WA’s share will jump from 34 to 47.3 cents for every GST dollar collected in 2018-19, which is about $140 million more than expected, but Treasurer Ben Wyatt says it still falls well short of helping to solve the state’s budget woes.
“Any suggestion that an increase in GST relativity … is a windfall, it’s just ludicrous,” he told reporters.
“Clearly it’s a better outcome than we were otherwise budgeting for, but only slightly.
“We are still receiving less than half the GST that West Australians pay.”
Before the Commonwealth Grants Commission even released its recommended relativities, Mr Wyatt foreshadowed other states might complain about receiving less than they expected.
He and WA Opposition Leader Mike Nahan remain in agreement that the GST system needs reform.
But Mr Wyatt said he had also talked to Senator Mathias Cormann and Federal Treasurer Scott Morrison about other financial contributions the commonwealth could make to WA infrastructure projects in the meantime.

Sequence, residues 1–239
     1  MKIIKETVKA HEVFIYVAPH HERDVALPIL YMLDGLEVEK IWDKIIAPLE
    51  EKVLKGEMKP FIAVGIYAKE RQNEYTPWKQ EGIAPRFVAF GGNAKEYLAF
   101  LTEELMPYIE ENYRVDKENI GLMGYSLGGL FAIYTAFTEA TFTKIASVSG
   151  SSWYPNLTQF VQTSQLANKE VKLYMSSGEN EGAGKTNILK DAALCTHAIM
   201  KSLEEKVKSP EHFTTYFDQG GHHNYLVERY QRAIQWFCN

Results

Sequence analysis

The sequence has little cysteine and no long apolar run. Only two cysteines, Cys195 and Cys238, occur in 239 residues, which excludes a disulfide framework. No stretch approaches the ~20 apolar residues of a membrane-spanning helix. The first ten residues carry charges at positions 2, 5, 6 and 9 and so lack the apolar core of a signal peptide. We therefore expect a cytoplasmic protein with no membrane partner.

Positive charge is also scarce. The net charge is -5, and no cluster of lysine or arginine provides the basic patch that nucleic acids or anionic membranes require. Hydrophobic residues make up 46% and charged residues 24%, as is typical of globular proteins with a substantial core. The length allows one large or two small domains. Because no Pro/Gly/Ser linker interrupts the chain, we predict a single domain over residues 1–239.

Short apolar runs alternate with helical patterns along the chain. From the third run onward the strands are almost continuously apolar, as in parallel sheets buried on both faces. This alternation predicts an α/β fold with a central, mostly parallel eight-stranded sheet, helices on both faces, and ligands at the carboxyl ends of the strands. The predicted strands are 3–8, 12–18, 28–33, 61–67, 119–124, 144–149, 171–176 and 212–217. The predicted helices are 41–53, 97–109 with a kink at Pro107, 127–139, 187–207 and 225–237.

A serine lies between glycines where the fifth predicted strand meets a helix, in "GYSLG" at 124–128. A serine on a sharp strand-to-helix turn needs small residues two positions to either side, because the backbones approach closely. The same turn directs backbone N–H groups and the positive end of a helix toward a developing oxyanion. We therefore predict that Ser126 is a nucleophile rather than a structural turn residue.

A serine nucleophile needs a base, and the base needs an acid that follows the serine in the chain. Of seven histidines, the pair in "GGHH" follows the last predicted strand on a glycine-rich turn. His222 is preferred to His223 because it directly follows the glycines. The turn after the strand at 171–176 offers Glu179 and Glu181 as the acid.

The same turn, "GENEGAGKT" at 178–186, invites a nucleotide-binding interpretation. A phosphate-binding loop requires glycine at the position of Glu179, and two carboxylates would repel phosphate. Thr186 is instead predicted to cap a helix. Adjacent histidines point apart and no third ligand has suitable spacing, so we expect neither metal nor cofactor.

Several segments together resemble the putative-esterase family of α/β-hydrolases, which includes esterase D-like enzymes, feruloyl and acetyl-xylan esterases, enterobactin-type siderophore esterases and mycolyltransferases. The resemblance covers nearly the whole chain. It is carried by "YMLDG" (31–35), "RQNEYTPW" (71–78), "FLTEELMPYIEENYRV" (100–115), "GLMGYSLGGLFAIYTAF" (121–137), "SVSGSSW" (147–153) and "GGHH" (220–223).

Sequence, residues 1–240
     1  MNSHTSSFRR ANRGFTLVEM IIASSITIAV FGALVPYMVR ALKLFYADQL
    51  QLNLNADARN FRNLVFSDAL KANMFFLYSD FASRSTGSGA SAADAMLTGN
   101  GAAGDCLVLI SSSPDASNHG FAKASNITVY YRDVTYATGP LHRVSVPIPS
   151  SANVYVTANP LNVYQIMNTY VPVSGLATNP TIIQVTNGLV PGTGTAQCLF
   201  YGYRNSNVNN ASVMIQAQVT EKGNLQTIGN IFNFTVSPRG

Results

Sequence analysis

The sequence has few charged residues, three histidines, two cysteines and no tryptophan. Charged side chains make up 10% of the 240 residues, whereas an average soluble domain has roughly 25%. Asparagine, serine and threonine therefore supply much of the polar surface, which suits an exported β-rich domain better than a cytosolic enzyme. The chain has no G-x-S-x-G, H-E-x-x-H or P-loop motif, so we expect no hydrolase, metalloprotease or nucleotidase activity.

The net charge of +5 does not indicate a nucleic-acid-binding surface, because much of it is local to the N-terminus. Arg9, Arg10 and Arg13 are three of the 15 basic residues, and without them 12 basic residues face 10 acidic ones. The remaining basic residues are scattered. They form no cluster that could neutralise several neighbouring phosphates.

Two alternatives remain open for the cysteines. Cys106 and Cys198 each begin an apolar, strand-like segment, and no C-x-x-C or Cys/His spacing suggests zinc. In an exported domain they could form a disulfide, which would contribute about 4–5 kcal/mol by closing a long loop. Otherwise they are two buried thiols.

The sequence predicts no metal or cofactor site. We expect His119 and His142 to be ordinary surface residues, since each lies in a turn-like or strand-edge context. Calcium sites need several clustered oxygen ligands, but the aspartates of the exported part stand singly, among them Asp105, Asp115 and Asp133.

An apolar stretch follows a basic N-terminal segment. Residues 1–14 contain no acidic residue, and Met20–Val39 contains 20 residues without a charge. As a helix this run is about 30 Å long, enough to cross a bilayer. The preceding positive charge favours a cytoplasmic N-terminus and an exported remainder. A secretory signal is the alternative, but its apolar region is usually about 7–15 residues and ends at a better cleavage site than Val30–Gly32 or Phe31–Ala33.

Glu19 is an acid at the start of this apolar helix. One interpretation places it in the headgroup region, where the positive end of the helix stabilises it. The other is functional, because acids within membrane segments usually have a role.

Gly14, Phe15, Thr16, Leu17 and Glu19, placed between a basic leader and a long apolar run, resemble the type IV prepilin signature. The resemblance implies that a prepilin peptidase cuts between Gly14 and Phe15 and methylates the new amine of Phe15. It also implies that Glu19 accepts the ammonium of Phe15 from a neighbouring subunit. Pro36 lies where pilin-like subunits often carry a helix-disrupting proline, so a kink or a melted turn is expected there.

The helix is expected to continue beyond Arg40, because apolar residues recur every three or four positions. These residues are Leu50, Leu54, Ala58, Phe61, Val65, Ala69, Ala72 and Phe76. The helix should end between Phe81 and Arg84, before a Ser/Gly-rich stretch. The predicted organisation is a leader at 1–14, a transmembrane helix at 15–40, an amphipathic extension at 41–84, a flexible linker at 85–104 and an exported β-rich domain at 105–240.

“I hope in their commonwealth budget they’re able to accommodate some of our infrastructure priorities, particularly around Metronet,” he said.
Mr Wyatt said the small increase in GST would not change his budget strategy, which was aimed at reducing ongoing expense growth over the forward estimates.
Dr Nahan said the state government had not been counting on a $1 billion “windfall” over the next four years and now had no excuse to raise taxes or saddle households with higher electricity and water fees in the May budget.
He said most of the extra cash should go towards reducing the state’s debt and deficit.
“This is a real test for them – what they do with it,” he told reporters.